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EU Leaders Say Distrust Over U.S. Spying Could Harm Cooperation

European Union leaders pose for a photo during the Brussels summit on October 24.
EU leaders have ended a summit in Brussels dominated by concerns over allegations of U.S. spying on member states.

The 28 leaders of the bloc issued a statement warning that a lack of trust could harm the fight against terror by prejudicing intelligence-gathering cooperation.

The statement comes as France and Germany push for talks with Washington to find a new "understanding" by the year's end regarding U.S. intelligence activities after revelations U.S. intelligence agencies may have monitored Chancellor Angela Merkel's mobile phone as well as millions of French phone calls.

Earlier on October 25, Merkel told reporters: "I think the most important thing is to find a basis for the future on which we can operate and as I said today trust needs to be rebuilt, which implies that trust has been severely shaken, and the members of the European Union shared those concerns today."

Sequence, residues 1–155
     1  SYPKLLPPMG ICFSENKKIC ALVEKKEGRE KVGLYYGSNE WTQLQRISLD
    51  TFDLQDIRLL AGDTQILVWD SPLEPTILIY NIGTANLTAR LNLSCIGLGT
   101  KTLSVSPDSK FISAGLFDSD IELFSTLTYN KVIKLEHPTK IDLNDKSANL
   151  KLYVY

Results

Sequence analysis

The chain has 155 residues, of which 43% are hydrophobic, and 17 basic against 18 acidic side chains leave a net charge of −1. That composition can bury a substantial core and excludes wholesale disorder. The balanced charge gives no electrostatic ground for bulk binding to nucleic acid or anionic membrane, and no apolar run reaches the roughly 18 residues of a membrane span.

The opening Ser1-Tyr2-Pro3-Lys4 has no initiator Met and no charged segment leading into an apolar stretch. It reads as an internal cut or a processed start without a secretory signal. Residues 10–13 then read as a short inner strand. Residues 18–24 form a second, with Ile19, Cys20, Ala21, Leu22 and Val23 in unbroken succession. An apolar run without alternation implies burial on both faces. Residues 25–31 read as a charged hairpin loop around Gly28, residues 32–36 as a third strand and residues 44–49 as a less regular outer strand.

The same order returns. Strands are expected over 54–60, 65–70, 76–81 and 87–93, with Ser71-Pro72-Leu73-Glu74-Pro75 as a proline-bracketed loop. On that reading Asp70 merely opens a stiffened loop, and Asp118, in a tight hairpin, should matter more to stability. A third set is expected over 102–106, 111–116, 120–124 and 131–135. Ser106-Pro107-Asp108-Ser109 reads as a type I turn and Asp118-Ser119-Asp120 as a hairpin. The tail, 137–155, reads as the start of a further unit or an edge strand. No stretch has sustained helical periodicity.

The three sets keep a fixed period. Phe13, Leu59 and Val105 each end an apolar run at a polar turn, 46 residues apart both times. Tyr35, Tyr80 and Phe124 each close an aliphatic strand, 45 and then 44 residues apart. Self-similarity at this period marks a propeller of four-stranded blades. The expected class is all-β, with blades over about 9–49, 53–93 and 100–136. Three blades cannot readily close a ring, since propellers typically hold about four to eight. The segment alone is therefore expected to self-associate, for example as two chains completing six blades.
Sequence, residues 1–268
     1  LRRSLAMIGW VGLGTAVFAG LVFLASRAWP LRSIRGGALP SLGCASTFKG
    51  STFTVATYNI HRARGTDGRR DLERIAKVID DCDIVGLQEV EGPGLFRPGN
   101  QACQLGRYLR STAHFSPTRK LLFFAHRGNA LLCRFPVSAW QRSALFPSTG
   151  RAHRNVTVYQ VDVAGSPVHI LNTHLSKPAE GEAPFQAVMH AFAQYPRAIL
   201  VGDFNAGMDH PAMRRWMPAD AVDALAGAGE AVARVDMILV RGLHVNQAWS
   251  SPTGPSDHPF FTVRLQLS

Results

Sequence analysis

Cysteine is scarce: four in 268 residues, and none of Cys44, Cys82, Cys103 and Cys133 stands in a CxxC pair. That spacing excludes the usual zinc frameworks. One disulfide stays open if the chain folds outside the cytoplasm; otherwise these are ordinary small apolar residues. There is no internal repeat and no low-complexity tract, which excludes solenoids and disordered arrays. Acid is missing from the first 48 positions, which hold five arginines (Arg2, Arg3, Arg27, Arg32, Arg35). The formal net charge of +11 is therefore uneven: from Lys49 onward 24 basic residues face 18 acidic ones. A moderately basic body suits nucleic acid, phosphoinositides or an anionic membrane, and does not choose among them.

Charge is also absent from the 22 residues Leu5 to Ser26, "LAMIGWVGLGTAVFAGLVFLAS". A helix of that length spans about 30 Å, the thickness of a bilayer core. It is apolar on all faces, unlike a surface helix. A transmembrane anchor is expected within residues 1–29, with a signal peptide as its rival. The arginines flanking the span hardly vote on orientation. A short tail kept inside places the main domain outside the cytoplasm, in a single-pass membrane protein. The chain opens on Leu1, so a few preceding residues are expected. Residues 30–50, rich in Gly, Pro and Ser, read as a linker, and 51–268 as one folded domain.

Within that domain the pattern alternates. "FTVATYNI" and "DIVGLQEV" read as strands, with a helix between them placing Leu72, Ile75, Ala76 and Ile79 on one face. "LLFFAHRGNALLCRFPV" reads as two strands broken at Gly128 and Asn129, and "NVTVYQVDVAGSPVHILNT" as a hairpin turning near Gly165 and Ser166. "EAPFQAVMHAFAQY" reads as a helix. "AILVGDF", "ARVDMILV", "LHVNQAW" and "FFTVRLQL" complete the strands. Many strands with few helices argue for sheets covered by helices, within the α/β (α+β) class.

Spanish Prime Minister Mariano Rajoy said he will call in the U.S. ambassador to Madrid to explain reports of American spying on his country. He said that Spain has no immediate evidence of spying but wants to “get information”.

Separately, the European Union restated its desire to sign an association and free trade deal with Ukraine at a meeting in Vilnius November 28-29.

European Council President Herman Van Rompuy said: "We hope to take important, even historical steps in particular with Ukraine, provided there is determined action and tangible progress.... We are also ready to initiate similar agreements with Moldova and with Georgia, which could then be signed next autumn, next year."

The EU has set a number of conditions for the rapprochement with Ukraine, including that Kyiv address the issue of political prisoners like opposition leader Yulia Tymoshenko. Tymoshenko was jailed in 2011 on charges of abuse of office widely seen as politically motivated.

The two-day summit in Brussels also tackled the issue of immigration amid a growing number of deaths of refugees trying to cross the Mediterranean into Europe.

Based on reporting by Reuters and dpa
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